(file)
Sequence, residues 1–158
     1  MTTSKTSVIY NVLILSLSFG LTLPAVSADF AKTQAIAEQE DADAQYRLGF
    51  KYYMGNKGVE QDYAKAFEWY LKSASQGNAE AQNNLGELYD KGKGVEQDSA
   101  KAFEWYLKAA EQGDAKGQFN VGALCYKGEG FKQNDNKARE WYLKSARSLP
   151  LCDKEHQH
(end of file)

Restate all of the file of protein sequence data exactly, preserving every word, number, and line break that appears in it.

Sequence, residues 1–158
     1  MTTSKTSVIY NVLILSLSFG LTLPAVSADF AKTQAIAEQE DADAQYRLGF
    51  KYYMGNKGVE QDYAKAFEWY LKSASQGNAE AQNNLGELYD KGKGVEQDSA
   101  KAFEWYLKAA EQGDAKGQFN VGALCYKGEG FKQNDNKARE WYLKSARSLP
   151  LCDKEHQH